Members of America’s career military are increasingly responding to defense budget cuts by intensifying their frugal financial habits, with almost half now focused on saving more and spending less.
The latest results of the First Command Financial Behaviors Index® reveal that 49 percent of middle-class military families are dealing with the cuts to defense spending by increasing the amount they are saving. This is the highest level recorded since the question was added to the survey in November 2012.
The Index reveals that 47 percent of survey respondents are cutting back on everyday spending, and holiday celebrations are becoming an even bigger target for spending cuts. First Command’s annual Thanksgiving spending survey reveals that 82 percent of families plan to cut back this year, up 20 points from the previous year. A similarly frugal trend is expected to emerge from the company’s upcoming holiday gift spending survey.
Other ways military families are responding to sequestration cuts include:
- Decreasing the aggressiveness of investments (21 percent)
- Moving investments to cash (13 percent)
- Starting work with a financial planner (15 percent)
This growing focus on frugal living comes at a time when many servicemembers and their families are experiencing financial insecurity and worry related to defense downsizing and sequestration. September survey results reveal that three out of four career military families are anxious about cuts to defense spending and four out of five expect to be financially affected. Career concerns are at a record high, with more than half of survey respondents reporting that they are worried about their job security in the coming months.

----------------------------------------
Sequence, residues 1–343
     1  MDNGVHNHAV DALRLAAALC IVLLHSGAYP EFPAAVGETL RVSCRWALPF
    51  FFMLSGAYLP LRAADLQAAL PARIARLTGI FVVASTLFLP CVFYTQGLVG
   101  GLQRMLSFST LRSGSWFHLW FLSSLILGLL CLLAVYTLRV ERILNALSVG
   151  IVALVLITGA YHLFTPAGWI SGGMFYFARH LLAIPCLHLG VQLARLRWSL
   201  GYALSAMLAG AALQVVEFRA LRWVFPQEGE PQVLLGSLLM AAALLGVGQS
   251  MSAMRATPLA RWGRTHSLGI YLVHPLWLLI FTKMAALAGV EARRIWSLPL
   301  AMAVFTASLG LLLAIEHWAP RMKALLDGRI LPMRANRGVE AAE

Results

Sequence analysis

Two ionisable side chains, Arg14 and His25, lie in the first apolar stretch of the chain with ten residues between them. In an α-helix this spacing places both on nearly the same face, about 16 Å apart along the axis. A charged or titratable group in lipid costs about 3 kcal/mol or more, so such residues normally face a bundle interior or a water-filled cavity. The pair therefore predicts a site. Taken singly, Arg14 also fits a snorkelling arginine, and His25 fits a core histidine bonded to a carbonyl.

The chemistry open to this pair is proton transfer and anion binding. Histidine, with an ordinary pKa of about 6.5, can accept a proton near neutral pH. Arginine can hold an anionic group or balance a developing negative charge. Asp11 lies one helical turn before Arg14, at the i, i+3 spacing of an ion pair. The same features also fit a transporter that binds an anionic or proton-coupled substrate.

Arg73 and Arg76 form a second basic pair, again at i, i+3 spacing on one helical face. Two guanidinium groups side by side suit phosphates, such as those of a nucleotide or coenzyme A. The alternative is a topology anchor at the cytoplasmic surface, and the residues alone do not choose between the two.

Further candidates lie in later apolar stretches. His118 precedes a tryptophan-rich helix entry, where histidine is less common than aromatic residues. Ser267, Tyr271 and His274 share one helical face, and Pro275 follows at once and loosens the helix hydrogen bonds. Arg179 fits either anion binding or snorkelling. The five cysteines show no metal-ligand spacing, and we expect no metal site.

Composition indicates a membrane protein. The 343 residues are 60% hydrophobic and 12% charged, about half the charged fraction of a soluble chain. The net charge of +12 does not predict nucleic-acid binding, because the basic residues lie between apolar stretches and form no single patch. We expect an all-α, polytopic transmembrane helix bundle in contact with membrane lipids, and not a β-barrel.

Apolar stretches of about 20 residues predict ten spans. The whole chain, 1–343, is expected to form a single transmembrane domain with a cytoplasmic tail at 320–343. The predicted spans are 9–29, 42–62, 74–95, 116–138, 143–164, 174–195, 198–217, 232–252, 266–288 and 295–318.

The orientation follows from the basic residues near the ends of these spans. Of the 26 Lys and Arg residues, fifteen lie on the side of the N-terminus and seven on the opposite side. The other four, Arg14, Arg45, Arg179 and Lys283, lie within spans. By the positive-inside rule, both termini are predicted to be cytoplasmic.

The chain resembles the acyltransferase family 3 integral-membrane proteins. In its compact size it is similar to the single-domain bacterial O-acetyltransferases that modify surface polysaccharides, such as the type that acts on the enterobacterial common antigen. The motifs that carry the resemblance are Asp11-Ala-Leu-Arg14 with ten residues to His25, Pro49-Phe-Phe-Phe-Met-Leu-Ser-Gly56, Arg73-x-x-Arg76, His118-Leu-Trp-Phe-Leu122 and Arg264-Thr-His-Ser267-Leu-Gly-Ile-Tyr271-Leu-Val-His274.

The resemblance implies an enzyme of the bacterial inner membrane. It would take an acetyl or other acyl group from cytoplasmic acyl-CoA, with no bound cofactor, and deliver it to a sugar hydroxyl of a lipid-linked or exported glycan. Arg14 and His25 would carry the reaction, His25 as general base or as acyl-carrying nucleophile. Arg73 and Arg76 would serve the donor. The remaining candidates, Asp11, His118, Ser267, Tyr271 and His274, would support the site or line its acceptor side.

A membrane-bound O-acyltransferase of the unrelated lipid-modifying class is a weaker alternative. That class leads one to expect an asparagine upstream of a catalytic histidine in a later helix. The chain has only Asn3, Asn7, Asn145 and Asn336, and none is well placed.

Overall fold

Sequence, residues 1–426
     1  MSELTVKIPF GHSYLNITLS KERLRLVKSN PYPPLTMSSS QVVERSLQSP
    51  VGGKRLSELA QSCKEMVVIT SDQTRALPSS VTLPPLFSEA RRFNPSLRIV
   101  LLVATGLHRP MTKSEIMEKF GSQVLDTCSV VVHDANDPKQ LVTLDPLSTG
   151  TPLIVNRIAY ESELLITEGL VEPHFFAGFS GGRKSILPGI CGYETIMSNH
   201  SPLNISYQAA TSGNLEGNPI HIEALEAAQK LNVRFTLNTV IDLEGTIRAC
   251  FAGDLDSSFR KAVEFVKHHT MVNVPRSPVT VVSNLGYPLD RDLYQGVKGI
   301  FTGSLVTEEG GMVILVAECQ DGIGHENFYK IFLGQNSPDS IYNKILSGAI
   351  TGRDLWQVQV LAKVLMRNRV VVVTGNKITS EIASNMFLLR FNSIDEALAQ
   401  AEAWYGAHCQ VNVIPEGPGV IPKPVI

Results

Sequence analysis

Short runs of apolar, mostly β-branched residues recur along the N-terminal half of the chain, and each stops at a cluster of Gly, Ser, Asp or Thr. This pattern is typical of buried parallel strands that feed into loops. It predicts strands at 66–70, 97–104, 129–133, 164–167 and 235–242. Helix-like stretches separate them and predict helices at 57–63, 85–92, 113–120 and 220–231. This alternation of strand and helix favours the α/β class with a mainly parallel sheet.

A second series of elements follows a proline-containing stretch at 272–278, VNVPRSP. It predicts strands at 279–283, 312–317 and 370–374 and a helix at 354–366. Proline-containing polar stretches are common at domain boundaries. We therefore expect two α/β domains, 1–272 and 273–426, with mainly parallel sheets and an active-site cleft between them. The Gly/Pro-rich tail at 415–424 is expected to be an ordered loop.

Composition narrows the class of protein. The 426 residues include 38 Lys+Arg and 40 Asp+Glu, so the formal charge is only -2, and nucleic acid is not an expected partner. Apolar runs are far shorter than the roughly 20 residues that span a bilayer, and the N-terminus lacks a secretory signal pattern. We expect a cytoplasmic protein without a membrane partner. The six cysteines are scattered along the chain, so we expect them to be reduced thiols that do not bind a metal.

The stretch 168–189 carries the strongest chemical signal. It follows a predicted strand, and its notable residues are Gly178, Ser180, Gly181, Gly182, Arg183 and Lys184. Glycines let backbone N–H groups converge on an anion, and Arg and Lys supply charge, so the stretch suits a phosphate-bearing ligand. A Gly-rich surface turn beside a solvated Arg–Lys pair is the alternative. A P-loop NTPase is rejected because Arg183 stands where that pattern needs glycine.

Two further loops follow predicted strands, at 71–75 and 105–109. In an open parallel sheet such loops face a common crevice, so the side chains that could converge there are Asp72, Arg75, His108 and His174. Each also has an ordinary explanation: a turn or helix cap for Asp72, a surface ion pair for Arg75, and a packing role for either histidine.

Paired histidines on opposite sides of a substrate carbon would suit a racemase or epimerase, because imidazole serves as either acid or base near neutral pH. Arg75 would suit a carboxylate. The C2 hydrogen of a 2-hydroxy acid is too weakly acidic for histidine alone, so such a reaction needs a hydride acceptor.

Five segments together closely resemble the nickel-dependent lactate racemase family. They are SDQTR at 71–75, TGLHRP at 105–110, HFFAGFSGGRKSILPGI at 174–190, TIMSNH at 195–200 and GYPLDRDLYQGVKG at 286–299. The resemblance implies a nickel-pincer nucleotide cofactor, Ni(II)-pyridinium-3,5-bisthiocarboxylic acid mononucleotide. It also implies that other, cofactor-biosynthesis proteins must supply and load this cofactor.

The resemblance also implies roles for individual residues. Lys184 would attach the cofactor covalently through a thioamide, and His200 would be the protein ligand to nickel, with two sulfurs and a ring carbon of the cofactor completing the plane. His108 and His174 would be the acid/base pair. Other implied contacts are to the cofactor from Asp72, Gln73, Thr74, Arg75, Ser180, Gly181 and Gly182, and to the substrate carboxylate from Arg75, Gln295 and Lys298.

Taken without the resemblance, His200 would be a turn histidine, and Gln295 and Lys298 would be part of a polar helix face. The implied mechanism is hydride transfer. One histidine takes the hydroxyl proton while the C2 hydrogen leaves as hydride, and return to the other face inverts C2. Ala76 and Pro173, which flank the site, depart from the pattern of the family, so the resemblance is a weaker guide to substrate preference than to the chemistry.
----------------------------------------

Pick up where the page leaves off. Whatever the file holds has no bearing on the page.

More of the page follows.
Sequestration concerns are an important election issue for middle-class military families. The First Command Financial Behaviors Index® reveals that 77 percent of middle-class military families say that changes to the DoD budget – specifically those that could potentially impact their military benefits, compensation and career – are extremely or very important in choosing who to vote for in the midterm elections.
Established in 1976 to promote goodwill between the military and the public after the Vietnam War, the Marine Corps Marathon is an annual event open to all runners 14 and up, making it one of the few large non-qualifier marathons in the U.S.
Every day this week I’ve read articles by and interviews with people attending the 2014 AUSA Annual Meeting & Exposition. Not surprisingly, the recurring theme is that sequestration presents its own threat to the U.S.
America’s career military is growing increasingly anxious about how defense downsizing and sequestration will impact their near-term job security. The First Command Financial Behaviors Index® reveals that 50 percent of middle-class military families (senior NCOs and commissioned officers in pay grades E-6 and above with household incomes of at least $50,000) are concerned about their job security in the coming months.
There has been increased talk lately from members of Congress about partial or full repeal of sequestration. On Sunday, October 5, CNN’s Candy Crowley interviewed Senators Lindsey Graham and Jack Reed.
To succeed in anything, you need a baseline and a way to measure your progress. With personal financial planning, the best place to start may be to determine your “personal net worth.” This will help you get a big-picture view of the overall state of your financial life.
After years of managing multiple combat tours and lengthy separations during wars in Iraq and Afghanistan, and a new conflict with ISIL, America’s career military is facing a set of family challenges that are just beginning to emerge from the deep military budget cuts of defense downsizing and sequestration.
Depending on your goals, an annuity can be an important and advantageous part of your financial plan, but there are a lot of misconceptions about annuities in the marketplace today.
Annuities offer two distinct retirement-planning benefits.
Demand for permanent life insurance is growing in America’s career military, where almost seven in ten families now own this type of coverage, according to the latest findings of the First Command Financial Behaviors Index®.